Grappling Consequences <<Revise>>
While you’re grappling, your ability to attack others and defend yourself is limited.
No Threatened Squares: You don’t threaten any squares while grappling.
No Dexterity Bonus: You lose your Dexterity bonus to AC (if you have one) against opponents you aren’t grappling. (You can still use it against opponents you are grappling.)
No Movement: You can’t move normally while grappling. You may, however, make an opposed grapple check (see below) to move while grappling.
If You’re Grappling
When you are grappling (regardless of who started the grapple), you can perform any of the following actions. Some of these actions take the place of an attack (rather than being a standard action or a move action). If your base attack bonus allows you multiple attacks, you can attempt one of these actions in place of each of your attacks, but at successively lower base attack bonuses.
Activate a Magic Item: You can activate a magic item, as long as the item doesn’t require a spell completion trigger. You don’t need to make a grapple check to activate the item.
Attack Your Opponent: You can make an attack with an unarmed strike, natural weapon, or light weapon against another character you are grappling. You take a –4 penalty on such attacks.
You can’t attack with two weapons while grappling, even if both are light weapons.
Cast a Spell: You can attempt to cast a spell while grappling or even while pinned (see below), provided its casting time is no more than 1 standard action, it has no somatic component, and you have in hand any material components or focuses you might need. Any spell that requires precise and careful action is impossible to cast while grappling or being pinned. If the spell is one that you can cast while grappling, you must make a Concentration check (DC 20 + spell level) or lose the spell. You don’t have to make a successful grapple check to cast the spell.
Damage Your Opponent: While grappling, you can deal damage to your opponent equivalent to an unarmed strike. Make an opposed grapple check in place of an attack. If you win, you deal nonlethal damage as normal for your unarmed strike (1d3 points for Medium attackers or 1d2 points for Small attackers, plus Strength modifiers). If you want to deal lethal damage, you take a –4 penalty on your grapple check.
Exception: Monks deal more damage on an unarmed strike than other characters, and the damage is lethal. However, they can choose to deal their damage as nonlethal damage when grappling without taking the usual –4 penalty for changing lethal damage to nonlethal damage.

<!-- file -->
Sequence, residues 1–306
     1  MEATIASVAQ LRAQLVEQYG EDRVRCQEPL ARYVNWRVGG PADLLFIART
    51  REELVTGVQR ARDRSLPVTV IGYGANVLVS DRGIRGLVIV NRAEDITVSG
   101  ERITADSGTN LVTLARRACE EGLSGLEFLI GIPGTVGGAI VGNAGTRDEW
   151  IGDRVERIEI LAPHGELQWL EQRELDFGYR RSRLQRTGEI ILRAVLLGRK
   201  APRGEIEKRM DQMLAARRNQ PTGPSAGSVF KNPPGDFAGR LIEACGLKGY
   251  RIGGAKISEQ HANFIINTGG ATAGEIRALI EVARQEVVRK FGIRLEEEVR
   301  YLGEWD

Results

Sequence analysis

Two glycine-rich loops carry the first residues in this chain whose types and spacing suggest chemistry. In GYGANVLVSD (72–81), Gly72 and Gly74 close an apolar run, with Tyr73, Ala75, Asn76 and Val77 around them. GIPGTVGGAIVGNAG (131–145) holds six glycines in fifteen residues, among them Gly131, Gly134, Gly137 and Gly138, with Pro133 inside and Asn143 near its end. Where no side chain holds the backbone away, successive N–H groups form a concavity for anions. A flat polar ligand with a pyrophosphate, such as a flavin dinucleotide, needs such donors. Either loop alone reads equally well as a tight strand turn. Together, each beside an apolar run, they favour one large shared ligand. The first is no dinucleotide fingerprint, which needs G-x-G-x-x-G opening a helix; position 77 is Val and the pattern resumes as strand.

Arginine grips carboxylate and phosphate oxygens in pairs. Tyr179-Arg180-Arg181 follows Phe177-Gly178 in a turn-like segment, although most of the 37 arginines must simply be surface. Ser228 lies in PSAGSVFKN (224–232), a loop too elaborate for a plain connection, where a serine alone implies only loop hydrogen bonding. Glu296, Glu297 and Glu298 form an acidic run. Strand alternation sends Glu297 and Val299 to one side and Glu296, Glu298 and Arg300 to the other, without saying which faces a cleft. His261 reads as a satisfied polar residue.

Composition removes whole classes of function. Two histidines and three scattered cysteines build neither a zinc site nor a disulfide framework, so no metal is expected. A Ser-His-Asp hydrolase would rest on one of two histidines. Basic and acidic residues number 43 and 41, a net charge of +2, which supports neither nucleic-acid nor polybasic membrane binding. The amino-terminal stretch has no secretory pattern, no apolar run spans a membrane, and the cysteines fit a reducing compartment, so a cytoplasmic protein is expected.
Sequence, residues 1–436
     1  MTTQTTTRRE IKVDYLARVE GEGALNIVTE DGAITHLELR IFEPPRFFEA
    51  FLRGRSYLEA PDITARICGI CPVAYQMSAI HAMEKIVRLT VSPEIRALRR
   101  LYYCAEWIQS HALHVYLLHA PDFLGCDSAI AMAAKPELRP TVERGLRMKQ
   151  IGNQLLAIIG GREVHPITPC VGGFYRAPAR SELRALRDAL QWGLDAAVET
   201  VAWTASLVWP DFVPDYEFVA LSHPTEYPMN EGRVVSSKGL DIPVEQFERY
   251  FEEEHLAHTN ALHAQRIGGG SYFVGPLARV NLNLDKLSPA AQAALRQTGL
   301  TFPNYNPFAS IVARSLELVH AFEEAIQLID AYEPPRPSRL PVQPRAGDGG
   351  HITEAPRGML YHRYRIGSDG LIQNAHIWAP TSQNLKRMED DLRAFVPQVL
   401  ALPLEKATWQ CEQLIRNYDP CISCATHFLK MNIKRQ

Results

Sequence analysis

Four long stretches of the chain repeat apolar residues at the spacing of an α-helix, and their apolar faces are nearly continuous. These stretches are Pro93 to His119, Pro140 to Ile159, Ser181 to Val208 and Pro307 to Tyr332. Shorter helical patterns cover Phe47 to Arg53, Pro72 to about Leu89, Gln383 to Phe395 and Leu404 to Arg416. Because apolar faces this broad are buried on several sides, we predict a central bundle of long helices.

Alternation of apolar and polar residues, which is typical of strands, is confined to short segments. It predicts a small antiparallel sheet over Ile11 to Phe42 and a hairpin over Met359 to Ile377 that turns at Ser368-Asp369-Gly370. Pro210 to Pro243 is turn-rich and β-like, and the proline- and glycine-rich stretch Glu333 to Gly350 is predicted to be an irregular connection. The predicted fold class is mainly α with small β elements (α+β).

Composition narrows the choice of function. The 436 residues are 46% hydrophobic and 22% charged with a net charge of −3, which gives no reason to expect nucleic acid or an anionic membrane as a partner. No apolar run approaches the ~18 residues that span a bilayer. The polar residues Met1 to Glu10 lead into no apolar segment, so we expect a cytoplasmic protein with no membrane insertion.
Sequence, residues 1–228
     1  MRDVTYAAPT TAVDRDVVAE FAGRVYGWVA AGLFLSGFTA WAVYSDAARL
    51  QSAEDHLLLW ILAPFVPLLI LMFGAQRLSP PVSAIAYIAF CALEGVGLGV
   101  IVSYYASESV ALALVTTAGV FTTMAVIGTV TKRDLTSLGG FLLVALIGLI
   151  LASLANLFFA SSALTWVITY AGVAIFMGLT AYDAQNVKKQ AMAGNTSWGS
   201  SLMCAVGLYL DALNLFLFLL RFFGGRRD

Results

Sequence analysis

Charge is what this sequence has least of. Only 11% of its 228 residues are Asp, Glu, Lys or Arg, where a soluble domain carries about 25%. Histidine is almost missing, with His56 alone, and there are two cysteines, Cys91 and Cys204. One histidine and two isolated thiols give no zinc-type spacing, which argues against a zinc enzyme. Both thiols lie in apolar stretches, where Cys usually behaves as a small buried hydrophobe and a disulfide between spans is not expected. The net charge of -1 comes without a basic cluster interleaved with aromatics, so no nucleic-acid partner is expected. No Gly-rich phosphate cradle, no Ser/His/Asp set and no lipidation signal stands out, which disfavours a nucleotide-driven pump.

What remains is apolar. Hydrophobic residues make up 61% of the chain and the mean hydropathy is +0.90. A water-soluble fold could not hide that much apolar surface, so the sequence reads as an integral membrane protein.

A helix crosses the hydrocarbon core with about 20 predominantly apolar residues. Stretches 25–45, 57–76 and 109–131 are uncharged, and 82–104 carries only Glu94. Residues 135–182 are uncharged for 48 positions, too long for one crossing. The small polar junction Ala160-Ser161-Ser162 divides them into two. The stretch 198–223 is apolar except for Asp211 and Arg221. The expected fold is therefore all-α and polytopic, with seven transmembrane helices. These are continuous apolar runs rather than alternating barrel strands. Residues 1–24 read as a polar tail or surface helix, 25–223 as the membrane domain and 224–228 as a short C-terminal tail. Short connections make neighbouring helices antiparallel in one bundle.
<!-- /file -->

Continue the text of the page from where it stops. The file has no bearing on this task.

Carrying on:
Draw a Light Weapon: You can draw a light weapon as a move action with a successful grapple check.
Escape from Grapple: You can escape a grapple by winning an opposed grapple check in place of making an attack. You can make an Escape Artist check in place of your grapple check if you so desire, but this requires a standard action. If more than one opponent is grappling you, your grapple check result has to beat all their individual check results to escape. (Opponents don’t have to try to hold you if they don’t want to.) If you escape, you finish the action by moving into any space adjacent to your opponent(s).
Move: You can move half your speed (bringing all others engaged in the grapple with you) by winning an opposed grapple check. This requires a standard action, and you must beat all the other individual check results to move the grapple.
Note: You get a +4 bonus on your grapple check to move a pinned opponent, but only if no one else is involved in the grapple.
Retrieve a Spell Component: You can produce a spell component from your pouch while grappling by using a full-round action. Doing so does not require a successful grapple check.
Pin Your Opponent: You can hold your opponent immobile for 1 round by winning an opposed grapple check (made in place of an attack). Once you have an opponent pinned, you have a few options available to you (see below).
Break Another’s Pin: If you are grappling an opponent who has another character pinned, you can make an opposed grapple check in place of an attack. If you win, you break the hold that the opponent has over the other character. The character is still grappling, but is no longer pinned.
Use Opponent’s Weapon: If your opponent is holding a light weapon, you can use it to attack him. Make an opposed grapple check (in place of an attack). If you win, make an attack roll with the weapon with a –4 penalty (doing this doesn’t require another action).
You don’t gain possession of the weapon by performing this action.
If You’re Pinning an Opponent
You can attempt to damage your opponent with an opposed grapple check, you can attempt to use your opponent’s weapon against him, or you can attempt to move the grapple (all described above). At your option, you can prevent a pinned opponent from speaking.
You can use a disarm action to remove or grab away a well secured object worn by a pinned opponent, but they gets a +4 bonus on his roll to resist your attempt (see Disarm).
You may voluntarily release a pinned character as a free action; if you do so, you are no longer considered to be grappling that character (and vice versa).
You can’t draw or use a weapon (against the pinned character or any other character), escape another’s grapple, retrieve a spell component, pin another character, or break another’s pin while you are pinning an opponent.
If You’re Pinned by an Opponent